Anthropomorphising the algorithm

Leading on from my last blog post conclusion that holding algorithms accountable is a bit of a daft idea, I want to thank Richard Nota for this wonderful comment on The Conversation article posted by Andrew Waites in our slack channel

Richard Nota

The ethics is about the people that oversee the design and programming of the algorithms.

Machine learning algorithms work blindly towards the mathematical objective set by their designers. It is vital that this task include the need to behave ethically.

A good start would be for people to stop anthropomorphising robots and artificial intelligence.

Anthropomorphising…. I had to google to see if that is even a word (it is).
But that is exactly what I believe needs to happen, stop anthropomorphising algorithms.
As Theresa puts it, they are part of the infrastructure, and once let loose into the wild, they can be made extremely inflexible if they are not created with care and managed appropriately.
Its up to the humans to manage the ethical implications of the algorithms in their systems.
Anyway, the article was written by Lachlan McCalman who works at Data61 and he makes some very good arguments.
He points out that making the smallest mistake possible does not mean NO mistakes.
Lachlan describes 4 errors and how the algorithm can be designed to adjust for these.
1. Different people, different mistakes
There actually can be quite large mistakes for different subgroups that offset each other.  In particular for minorities, where because there are few examples, getting their predictions wrong doesnt penalise the results too much.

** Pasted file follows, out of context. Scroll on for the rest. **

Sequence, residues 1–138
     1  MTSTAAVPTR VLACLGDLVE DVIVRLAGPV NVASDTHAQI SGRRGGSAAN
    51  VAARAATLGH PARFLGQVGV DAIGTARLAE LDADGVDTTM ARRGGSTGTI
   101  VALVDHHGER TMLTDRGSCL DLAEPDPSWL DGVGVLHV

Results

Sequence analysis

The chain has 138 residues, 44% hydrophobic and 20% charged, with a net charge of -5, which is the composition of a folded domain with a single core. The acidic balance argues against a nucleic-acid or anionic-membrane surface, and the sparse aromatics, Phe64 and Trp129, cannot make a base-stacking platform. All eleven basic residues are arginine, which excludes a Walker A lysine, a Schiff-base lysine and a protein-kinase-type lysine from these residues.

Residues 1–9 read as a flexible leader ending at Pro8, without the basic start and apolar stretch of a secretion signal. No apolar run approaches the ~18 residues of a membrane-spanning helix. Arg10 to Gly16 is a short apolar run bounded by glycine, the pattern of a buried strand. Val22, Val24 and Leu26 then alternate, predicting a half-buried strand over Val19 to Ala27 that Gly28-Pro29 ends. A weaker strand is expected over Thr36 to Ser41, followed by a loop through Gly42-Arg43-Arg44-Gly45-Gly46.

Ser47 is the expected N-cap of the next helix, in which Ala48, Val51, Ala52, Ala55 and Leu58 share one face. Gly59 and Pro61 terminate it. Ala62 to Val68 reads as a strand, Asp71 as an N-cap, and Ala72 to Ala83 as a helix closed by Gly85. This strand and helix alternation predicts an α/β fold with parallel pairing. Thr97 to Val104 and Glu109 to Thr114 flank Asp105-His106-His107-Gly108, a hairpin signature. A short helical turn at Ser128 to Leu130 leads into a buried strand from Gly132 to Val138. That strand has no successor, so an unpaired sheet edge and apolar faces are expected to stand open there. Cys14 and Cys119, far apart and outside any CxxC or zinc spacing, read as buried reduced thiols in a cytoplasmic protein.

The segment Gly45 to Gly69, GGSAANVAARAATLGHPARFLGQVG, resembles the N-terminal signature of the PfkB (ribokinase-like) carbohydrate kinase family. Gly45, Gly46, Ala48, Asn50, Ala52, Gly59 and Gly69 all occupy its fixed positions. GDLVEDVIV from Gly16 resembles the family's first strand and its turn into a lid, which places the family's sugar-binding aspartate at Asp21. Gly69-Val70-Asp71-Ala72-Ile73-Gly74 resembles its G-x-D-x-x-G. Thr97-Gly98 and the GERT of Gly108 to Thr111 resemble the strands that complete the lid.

I know about this already due to my favourites Jeff Larsson at ProPublica and the offsetting errors in the recidivism prediction algorithm in False negatives and positives for white and black males. Im sure you can work out who was the false negative (incorrectly predicted will not reoffend)  vs false positive (incorrectly predicted will re-offend).
Lachlan suggests to fix this, the algorithm would need to be changed to care equally about accuracy for the sub groups.
2. The algorithm isn’t sure
Of course, its just a guess, and there are varying degrees of uncertainty.
Lachlan suggests the algorithm could allow for giving the benefit of the doubt where there is uncertainty.
3. Historical bias
this one is huge. of course patterns of bias become entrenched if the algorithm is fed biased history.
So changing the algorithm (positive discrimination perhaps) to counter this bias would be required.
4. Conflicting priorities
trade offs need to be made when there are limited resources.
Judgement is required, with no simple answer here.
In conclusion, Lachlan proposes there needs to be an “ethics engineer” who explicitly obtains ethical requirements from stakeholders, converts them into a mathematical objective and then monitors the algorithms ability to meet that objective when in production.

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